“We are a large agricultural landowner and sugar is our flagship,” he said.  “When you make a decision to go to D.C. in this capacity, it’s all business. When we go there, the policymakers value our input and genuinely want to know the issues we have. They recognize that the face-to-face interaction means something to us, so, in turn, it becomes meaningful to them in understanding our concerns.”

Patrick Engemann lives in Baton Rouge with his wife, and three daughters. He supports his young family by farming sugarcane in the Maringouin-Livonia area. His father was a sugarcane farmer before him. He understands how important it is for the next generation of sugarcane farmers to step up and represent the industry. It was his first fly-in.

“I’m way more comfortable behind the wheel of a tractor than in Washington,” Engemann said. “But sugarcane is my livelihood. I grew up in the field and I know how vital it is for policymakers to understand who is responsible for growing the sugarcane that makes sugar. Agriculture is the most important industry we have, and I told them that the farm bill’s sugar policy works at no cost to the taxpayer, and they really appreciated that fact, but I think having a farmer explain it hit home for them.”

Nick Gerace of Melville put his first sugarcane crop in the ground in 2017 so he’s relatively new to sugarcane. It was his first trip to D.C. representing sugar.

“I grew up a grain farmer,” he said. “I met with Congressional staffers from Michigan which is a sugarbeet state and they were very receptive. But I can say that when they were hearing about sugar policy from the farmers who grow it, they realized the weight of it because we’re the one with the boots on the ground.”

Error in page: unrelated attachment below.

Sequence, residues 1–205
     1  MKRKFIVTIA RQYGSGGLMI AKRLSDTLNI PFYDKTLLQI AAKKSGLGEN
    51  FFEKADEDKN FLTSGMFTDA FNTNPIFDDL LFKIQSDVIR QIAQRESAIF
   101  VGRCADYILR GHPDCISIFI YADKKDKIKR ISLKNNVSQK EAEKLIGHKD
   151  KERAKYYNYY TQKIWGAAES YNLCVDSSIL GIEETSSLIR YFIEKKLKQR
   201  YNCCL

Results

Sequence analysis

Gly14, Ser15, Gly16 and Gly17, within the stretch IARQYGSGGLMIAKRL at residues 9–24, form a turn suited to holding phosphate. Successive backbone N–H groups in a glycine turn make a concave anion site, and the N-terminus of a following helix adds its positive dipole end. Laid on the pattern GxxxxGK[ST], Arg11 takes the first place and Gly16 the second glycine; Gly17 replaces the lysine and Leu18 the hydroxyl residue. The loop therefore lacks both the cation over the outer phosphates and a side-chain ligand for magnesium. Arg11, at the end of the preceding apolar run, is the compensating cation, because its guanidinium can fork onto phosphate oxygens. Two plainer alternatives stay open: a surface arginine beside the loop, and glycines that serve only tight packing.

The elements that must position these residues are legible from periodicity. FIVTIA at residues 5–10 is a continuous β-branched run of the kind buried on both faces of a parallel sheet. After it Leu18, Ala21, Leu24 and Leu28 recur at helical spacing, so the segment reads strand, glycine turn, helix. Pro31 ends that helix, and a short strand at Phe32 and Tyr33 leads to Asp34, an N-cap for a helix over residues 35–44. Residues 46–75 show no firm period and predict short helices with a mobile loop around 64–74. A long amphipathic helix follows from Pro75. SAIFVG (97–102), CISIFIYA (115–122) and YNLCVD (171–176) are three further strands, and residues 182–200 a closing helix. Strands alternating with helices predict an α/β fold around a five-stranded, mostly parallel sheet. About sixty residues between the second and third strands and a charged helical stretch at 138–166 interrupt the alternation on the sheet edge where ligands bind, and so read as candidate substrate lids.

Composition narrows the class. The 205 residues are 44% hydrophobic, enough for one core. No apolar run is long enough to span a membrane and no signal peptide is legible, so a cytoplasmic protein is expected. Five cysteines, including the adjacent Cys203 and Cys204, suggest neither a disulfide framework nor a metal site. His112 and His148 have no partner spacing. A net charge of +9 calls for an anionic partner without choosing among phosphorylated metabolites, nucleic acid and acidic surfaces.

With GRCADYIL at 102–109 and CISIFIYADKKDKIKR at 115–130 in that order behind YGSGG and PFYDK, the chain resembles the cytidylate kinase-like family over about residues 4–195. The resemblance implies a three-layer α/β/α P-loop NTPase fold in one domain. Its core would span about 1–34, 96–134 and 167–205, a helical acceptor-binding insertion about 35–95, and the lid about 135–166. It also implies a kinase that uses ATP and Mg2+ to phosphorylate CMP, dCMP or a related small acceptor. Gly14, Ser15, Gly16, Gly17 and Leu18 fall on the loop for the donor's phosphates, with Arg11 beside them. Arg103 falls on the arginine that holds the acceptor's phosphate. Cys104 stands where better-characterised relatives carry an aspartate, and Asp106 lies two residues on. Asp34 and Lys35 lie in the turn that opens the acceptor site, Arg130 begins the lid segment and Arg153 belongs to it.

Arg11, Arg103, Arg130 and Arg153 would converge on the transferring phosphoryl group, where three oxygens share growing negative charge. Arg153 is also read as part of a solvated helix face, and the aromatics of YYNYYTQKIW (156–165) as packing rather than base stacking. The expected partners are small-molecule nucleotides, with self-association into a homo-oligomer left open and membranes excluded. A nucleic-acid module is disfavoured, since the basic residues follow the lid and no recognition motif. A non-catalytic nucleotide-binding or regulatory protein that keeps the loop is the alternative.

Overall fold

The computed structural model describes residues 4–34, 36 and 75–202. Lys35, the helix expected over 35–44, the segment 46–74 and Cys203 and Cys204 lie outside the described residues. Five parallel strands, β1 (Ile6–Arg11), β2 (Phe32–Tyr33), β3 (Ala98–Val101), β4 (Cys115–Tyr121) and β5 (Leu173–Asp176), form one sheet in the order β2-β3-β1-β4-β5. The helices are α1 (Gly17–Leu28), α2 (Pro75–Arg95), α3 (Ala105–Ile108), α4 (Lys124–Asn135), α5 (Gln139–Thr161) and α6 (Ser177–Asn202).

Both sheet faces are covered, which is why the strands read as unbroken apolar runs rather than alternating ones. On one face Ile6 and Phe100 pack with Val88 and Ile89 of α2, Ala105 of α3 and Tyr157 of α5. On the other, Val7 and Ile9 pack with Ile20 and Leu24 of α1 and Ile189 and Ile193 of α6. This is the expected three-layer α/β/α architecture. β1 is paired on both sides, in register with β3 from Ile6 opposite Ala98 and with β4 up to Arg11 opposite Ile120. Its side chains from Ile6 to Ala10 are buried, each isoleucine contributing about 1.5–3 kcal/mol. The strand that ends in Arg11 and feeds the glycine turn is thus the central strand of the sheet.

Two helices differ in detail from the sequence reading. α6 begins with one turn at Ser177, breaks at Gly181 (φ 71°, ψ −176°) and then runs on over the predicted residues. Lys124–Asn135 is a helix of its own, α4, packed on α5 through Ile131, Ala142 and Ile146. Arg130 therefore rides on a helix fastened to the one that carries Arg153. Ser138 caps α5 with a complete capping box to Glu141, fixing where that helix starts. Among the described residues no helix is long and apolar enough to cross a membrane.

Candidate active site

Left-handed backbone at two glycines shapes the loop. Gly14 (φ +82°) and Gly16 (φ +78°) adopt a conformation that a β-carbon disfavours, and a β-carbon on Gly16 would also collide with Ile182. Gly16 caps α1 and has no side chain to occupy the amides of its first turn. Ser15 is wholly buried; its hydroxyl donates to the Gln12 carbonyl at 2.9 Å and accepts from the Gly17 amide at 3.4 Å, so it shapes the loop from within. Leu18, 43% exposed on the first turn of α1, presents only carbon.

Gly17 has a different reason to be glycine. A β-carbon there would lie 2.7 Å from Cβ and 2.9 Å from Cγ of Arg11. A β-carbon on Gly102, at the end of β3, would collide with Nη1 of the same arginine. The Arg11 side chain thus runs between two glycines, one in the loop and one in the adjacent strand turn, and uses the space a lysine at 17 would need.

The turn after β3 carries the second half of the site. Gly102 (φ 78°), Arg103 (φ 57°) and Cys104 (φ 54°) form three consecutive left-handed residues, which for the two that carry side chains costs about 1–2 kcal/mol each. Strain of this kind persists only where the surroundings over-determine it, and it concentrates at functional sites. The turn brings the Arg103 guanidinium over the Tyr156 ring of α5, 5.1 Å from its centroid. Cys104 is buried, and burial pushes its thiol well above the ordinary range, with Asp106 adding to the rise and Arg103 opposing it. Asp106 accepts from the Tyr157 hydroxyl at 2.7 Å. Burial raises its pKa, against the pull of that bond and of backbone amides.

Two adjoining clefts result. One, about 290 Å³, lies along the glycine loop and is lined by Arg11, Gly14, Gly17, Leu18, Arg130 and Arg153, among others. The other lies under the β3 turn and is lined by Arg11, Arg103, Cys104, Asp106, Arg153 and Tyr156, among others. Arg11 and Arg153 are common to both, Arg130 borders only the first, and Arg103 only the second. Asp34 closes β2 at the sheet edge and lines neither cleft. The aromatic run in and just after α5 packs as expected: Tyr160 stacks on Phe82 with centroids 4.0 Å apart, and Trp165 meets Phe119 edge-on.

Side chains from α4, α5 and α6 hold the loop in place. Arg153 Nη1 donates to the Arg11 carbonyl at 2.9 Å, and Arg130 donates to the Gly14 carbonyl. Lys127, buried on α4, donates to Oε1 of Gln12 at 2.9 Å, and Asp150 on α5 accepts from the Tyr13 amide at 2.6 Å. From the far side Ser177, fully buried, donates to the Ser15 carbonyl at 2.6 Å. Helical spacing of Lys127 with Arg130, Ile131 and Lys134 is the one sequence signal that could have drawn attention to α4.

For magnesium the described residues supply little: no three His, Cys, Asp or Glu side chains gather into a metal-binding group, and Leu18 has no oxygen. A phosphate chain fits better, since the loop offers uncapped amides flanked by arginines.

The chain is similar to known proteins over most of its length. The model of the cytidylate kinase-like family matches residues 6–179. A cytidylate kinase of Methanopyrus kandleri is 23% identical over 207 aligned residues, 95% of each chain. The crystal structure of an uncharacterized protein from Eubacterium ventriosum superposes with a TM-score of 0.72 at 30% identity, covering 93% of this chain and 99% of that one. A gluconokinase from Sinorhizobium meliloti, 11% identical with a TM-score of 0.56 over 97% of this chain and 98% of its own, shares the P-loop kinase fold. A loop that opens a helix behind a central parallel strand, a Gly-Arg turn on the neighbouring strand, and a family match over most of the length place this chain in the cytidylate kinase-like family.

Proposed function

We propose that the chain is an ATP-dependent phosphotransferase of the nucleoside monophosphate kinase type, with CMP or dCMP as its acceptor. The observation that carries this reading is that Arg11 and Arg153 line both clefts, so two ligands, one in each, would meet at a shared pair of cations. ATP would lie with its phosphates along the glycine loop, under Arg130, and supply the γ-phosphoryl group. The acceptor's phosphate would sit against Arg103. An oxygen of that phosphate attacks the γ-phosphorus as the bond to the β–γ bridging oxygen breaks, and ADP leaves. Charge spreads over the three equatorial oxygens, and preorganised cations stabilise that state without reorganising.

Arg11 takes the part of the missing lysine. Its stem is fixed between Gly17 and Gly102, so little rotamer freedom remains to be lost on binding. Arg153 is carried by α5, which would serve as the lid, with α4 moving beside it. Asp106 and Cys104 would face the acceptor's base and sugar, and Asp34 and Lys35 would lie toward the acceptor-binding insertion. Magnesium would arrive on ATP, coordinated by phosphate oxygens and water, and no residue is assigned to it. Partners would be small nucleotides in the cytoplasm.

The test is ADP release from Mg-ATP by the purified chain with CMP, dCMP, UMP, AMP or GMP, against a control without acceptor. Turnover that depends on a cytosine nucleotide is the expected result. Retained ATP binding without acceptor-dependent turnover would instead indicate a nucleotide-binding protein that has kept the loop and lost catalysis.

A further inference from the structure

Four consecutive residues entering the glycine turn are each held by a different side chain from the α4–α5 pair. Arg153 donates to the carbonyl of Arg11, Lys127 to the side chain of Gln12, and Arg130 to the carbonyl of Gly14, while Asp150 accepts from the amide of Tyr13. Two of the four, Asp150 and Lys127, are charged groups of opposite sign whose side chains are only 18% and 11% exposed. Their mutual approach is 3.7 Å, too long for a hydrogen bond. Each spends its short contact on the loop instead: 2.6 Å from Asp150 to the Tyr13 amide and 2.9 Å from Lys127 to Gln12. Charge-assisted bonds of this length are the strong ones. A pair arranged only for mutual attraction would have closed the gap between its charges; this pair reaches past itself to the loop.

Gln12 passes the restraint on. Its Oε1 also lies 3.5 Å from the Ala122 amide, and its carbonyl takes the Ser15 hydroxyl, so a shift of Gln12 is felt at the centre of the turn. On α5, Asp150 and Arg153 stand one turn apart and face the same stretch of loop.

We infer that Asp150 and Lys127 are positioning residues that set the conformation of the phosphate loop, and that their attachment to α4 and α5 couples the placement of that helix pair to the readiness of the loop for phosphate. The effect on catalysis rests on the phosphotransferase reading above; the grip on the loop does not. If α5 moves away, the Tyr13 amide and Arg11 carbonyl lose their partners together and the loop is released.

During one meeting Gerace made a personal connection with a Representative from Ohio and received an invitation to a ranch in Ohio which is likely to lead to more opportunity to discuss the sugarcane industry.

Other farmers and millers who made the business trip to Washington included Ricky Gonsoulin, Patrick Frischhertz, Gary Gravois, Lance Gaudet, Bryan Simon, Travis Medine, Shelby Duplantis, Stephen Simoneaux, Catherine Floyd, Gert Hawkins, Kyle Zenon, Chris Patout, Keith Crochet, Sandor Garcia, Chad Hanks, Josh Hebert, Lance Weber and Todd Landry.

Without a strong sugar policy, American sugar farmers like Engemann and his employees would be at a clear disadvantage in the market. They’d face unlimited supplies of subsidized imported sugar, often controlled by foreign government policies designed to protect their own sugar industries. Additionally, American consumers would be subject to the whims of foreign producers who frequently turn supplies to the world on or off with little regard to market conditions depending on their domestic needs.

With this diligent effort, Louisiana’s farmer lobbyists will have made sure that Members of Congress know the difference between pure Louisiana cane sugar and the dump market kind.